After you have life insurance, you want to forget about it.
I’ve talked about this before. Thinking about life insurance means thinking about some deep stuff, things you don’t want to really think about. Like what happens to your family if something dire happens to you. So naturally, after you buy life insurance, people tend to want to go all Jason Bourne and get some amnesia. You want to buy life insurance, move on and never think about it again.
But that isn’t a great idea. Or rather, if you want to do basically do that, if I may, let me suggest that you still have one or two important things to do first. Namely, you need to decide where to put your life insurance information, and who to tell about it.
For obvious reasons. If something would happen to you, the last thing you want is for your loved ones to have no idea you have a life insurance policy, and for them to live in abject poverty with this awesome policy just hanging around, waiting to be used.
It also wouldn’t be helpful if your family members are saying, “I know that there’s a life insurance policy, but I have no idea who it was and where the policy is.”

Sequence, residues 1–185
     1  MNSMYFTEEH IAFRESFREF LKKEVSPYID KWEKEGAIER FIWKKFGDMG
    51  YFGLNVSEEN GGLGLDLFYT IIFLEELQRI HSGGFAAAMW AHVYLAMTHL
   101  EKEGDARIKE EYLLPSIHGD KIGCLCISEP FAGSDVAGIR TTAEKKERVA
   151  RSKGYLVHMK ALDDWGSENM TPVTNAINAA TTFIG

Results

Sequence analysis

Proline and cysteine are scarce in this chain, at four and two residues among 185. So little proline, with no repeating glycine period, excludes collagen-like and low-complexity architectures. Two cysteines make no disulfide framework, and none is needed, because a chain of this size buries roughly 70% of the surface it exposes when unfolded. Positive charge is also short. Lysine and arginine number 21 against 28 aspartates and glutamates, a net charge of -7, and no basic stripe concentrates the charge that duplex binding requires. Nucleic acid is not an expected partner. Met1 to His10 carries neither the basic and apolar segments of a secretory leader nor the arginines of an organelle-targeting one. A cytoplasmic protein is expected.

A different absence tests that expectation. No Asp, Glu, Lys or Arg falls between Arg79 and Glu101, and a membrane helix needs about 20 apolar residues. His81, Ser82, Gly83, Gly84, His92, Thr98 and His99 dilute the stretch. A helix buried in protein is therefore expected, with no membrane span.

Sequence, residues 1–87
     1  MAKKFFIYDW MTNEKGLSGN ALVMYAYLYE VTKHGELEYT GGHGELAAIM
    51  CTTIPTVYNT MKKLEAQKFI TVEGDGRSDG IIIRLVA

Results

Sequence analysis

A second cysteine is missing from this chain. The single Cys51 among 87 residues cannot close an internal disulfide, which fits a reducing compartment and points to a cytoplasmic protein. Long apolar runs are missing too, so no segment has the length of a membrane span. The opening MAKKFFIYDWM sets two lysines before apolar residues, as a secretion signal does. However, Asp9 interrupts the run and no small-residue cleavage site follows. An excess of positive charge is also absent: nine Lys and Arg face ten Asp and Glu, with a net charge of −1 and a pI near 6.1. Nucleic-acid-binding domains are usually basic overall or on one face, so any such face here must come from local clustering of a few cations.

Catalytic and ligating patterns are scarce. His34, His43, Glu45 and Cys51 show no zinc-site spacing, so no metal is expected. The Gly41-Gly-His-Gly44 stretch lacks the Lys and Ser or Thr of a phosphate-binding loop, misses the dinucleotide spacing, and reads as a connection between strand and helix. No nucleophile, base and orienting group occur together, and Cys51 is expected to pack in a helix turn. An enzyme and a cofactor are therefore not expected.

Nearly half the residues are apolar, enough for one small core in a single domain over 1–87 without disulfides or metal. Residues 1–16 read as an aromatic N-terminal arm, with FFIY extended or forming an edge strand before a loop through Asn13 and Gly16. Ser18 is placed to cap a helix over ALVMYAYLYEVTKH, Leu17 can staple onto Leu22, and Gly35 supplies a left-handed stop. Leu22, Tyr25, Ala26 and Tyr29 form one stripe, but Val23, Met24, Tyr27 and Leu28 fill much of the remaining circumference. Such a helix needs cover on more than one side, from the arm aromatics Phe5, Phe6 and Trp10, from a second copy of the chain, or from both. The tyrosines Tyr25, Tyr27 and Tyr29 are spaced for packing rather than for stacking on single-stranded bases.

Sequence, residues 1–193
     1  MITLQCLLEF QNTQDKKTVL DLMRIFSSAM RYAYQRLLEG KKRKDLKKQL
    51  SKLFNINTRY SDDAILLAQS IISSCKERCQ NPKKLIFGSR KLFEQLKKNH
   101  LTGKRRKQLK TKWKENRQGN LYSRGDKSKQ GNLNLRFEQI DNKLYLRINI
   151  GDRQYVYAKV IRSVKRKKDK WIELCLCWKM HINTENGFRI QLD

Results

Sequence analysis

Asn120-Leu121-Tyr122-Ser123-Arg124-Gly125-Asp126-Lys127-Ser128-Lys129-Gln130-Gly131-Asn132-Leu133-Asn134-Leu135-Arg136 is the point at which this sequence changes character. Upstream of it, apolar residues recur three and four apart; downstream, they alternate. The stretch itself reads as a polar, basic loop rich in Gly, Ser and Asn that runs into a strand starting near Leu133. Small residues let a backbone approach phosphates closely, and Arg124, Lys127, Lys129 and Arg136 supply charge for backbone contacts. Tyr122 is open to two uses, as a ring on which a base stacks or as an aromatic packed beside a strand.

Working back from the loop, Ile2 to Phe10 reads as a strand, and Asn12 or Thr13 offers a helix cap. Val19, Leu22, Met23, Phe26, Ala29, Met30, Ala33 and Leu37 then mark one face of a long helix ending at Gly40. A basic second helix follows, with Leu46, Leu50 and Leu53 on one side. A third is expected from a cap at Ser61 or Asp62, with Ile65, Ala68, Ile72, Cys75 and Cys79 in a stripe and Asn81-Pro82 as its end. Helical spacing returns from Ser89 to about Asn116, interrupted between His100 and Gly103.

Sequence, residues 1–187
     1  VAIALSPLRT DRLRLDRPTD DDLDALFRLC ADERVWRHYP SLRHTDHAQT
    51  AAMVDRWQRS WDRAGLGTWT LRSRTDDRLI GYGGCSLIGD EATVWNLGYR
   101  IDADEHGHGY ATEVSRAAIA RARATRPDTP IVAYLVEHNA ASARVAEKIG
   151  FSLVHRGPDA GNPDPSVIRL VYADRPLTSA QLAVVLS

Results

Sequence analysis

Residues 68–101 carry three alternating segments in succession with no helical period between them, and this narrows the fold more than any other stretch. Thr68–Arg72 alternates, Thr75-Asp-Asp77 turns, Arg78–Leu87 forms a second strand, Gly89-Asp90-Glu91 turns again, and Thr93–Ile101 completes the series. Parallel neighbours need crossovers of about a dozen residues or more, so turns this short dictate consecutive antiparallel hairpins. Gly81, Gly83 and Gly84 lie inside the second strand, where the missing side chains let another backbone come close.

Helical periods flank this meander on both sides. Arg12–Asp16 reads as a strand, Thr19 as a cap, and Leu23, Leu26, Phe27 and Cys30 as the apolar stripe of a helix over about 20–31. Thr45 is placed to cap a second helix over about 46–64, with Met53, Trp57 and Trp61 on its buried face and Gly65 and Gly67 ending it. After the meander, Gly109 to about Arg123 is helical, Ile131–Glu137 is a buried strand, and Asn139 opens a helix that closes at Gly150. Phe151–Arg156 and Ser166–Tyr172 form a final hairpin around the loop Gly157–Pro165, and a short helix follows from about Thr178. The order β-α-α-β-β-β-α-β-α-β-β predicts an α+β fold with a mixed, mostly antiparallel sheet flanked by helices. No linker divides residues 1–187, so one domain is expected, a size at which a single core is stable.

I’d like to think that, in that case, they’d eventually figure things out, but these days, you never know. It’s easy to imagine someone losing their paperwork and having a digital life insurance policy filed away on some device, a device that has a password, completely unknown to the deceased’s family members.
And if you’re married and thinking, “Well, this is going to be a short post, Liran, because I’ll tell my spouse, and problem solved — now, why don’t you show me one of those cute cat videos on YouTube,” let me remind you that you and your spouse could die at the same time. You could both be in a car wreck. Maybe you’ll both be on a ski lift when the cables snap. Or maybe you’ll both go to a dinner party, where the host will turn out to be demented, and poison everyone–